Bill Viola, Electronic Renaissance

Video art can sometimes be associated with indecipherable, conceptually obscure or simply sleep inducing footage in dark rooms with insufficient seating...but this stunning exhibition in Florence at Palazzo Strozzi ( until Mid July 2017) might change your mind. Although not without it's dramatic moments, this is slow, graceful viewing, poetic and contemplative.

In this show, Bill Viola 's videos are displayed next to several of the Renaissance works that inspired/ informed these in some way. The artist spent time in Florence in the 1970's where his video career began, and it is fitting that his work is shown here with the original sources of inspiration.

Bill Viola, Video artist   

Viola ( American, born in 1951) is a contemporary video artist who works with sound and image technology, in meditative, often moving pieces "video paintings" that explore deep human experiences such as consciousness, spirituality, time, birth and death.

The human being is at the center of his work: whether through facial expressions, hand gestures, barely perceptible movements or moments of extreme anguish, Bill Viola explores what it means to be human. His style is symbolic, visually opulent, and openly references classical works of art, as clearly demonstrated in this exhibition.

Watch The Crossing, Bill Viola, 1996

IB Connections abound

Curatorial Practice 

The way this exhibition is curated, showing the Renaissance paintings alongside the contemporary video pieces, not only highlights their individual connections but also ties together art history, making the viewer feel the continuity and fluidity of ideas/ themes/ and visual language across time and cultures.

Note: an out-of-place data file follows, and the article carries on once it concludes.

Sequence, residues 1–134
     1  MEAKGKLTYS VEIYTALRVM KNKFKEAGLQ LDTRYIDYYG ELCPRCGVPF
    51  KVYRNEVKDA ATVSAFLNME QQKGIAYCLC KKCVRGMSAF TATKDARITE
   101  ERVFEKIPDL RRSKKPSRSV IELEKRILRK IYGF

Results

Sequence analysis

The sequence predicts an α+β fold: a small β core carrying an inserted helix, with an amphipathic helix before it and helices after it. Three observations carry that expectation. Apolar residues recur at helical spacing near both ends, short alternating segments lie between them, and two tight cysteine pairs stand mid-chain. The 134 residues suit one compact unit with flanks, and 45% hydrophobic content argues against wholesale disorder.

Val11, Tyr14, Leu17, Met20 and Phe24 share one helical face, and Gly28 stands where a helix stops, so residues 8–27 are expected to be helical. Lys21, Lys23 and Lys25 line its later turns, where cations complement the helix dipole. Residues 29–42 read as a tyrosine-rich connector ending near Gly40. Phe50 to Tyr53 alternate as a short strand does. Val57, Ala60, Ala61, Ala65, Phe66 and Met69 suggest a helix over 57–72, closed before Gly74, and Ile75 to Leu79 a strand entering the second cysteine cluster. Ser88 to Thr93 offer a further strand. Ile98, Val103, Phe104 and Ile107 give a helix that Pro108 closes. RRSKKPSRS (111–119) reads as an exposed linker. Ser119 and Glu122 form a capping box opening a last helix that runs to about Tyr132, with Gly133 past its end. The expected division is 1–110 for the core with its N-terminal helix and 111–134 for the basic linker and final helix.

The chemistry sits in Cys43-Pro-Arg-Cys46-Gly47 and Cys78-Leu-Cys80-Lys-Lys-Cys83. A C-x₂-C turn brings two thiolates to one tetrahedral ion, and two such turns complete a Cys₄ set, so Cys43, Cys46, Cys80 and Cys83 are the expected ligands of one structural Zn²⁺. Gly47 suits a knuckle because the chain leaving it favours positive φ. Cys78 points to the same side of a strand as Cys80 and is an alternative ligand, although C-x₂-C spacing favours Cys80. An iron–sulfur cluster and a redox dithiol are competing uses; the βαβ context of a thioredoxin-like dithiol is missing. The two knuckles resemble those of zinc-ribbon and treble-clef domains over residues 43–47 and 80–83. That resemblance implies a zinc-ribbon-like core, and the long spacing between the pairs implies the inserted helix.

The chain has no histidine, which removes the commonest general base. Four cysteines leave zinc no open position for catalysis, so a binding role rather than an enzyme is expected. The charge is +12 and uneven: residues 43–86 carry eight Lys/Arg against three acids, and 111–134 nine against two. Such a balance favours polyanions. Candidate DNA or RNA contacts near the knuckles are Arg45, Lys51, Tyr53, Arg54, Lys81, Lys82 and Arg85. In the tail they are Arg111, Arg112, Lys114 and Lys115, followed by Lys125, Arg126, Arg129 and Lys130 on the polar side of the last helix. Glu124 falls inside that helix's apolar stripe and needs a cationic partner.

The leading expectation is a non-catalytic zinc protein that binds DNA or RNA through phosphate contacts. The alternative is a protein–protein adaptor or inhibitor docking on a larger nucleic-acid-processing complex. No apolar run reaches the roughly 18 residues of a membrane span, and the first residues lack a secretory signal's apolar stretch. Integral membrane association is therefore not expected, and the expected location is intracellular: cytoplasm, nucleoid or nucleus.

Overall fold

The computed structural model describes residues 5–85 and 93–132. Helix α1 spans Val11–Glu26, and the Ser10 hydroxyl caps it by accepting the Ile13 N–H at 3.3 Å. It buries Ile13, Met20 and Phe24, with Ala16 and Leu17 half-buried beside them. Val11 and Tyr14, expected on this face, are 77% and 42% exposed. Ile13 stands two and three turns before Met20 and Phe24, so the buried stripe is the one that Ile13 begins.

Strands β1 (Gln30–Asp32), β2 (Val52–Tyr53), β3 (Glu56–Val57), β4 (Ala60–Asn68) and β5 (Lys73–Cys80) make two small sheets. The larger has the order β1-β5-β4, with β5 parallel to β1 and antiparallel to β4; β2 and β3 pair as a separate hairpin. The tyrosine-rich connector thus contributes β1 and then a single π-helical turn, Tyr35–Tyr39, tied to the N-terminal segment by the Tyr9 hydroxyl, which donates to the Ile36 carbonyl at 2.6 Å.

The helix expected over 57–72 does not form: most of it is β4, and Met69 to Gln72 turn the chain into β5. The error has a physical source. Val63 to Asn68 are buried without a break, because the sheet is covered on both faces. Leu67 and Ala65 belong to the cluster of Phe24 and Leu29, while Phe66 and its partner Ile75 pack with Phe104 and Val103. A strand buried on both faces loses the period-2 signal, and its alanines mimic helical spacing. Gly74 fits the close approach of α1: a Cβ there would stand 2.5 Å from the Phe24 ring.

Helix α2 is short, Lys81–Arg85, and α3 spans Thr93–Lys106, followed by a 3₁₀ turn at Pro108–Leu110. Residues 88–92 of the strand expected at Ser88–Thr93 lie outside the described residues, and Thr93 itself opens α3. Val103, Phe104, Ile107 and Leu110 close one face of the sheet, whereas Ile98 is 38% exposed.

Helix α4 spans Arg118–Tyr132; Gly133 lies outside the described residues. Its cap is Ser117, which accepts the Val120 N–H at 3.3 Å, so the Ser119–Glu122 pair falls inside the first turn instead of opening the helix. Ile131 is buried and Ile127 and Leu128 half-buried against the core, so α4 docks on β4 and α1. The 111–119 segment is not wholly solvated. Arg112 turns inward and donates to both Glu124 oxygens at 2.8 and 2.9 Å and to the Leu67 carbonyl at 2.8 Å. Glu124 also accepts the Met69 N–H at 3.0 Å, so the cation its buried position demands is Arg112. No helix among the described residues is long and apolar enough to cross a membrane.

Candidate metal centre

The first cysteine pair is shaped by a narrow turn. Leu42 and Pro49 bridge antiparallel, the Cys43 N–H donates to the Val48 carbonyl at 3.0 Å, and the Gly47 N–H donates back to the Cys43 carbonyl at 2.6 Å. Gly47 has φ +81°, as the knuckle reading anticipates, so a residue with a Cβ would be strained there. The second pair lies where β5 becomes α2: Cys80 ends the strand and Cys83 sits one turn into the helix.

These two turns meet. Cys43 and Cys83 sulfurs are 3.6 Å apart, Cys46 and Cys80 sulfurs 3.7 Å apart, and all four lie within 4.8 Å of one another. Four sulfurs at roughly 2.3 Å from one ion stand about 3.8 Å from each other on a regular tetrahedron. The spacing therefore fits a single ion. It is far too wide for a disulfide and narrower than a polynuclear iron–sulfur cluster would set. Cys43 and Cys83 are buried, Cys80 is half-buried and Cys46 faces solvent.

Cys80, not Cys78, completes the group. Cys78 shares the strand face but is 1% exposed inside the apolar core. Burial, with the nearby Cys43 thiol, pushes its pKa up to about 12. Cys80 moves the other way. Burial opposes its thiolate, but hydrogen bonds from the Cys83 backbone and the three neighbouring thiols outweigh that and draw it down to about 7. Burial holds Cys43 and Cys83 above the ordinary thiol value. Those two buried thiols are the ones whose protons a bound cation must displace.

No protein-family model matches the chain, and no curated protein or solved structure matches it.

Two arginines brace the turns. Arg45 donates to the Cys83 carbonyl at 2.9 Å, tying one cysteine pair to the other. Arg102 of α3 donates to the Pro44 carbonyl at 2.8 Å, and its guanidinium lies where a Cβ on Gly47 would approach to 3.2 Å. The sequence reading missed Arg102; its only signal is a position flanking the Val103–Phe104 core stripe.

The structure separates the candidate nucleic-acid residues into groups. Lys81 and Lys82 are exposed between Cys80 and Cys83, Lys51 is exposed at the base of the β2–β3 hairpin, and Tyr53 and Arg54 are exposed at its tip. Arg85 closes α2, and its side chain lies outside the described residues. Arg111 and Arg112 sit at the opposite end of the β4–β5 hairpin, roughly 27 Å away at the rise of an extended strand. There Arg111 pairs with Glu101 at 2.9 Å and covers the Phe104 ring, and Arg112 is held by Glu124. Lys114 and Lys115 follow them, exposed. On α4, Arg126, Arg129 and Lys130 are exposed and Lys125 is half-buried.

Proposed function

Comparative Study

This show presents a great example for the Comparative Study: here is an artist drawing his inspiration from art works form a different era and in an entirely different medium. Although the time periods ( Renaissance vs today) and mediums ( fresco or egg tempera vs video installation) may be as far apart as imaginable, the themes, the human experiences that he explores so vividly were as relevant then as they are to us today.

Form and Format.. over time

Ideas and form cross over between media... Viola works in the contemporary medium of video and sound installation, but here we observe how he revisits the format and the formal concerns of the Renaissance artworks that he absorbed.

Catherines Room, 2001, is a meditative video installation presented as a sequence of screens that record a day and the seasons in the life of a woman. Saint Catherine was a 14th century mystic and Viola's piece could be a modern day St Catherine, it was inspired by the Predella of Saint Catherine by Andrea di Bartolo ( below). A predella is a series of small narrative images, often part of a larger altarpiece.

"In Viola's piece, the five scenes from Catherine's life are shown not in slow-motion but take place in real time, performed very slowly and meditatively. ... like a kind of ritual or prayer. .... They take place during different hours of the day: morning, afternoon, sunset, evening and night. And through the window we can see how they are also set during different times of the year. From left to right the four seasons are represented, while the fifth is enveloped in darkness. It is the fifth screen, in which the woman makes her bed and lies down to sleep, that completes the natural cycles of a day and a year, and there is more than a hint that what we are watching is the woman's death." -read more here

Andrea di Bartolo's Predella di Santa Caterina, 1400s

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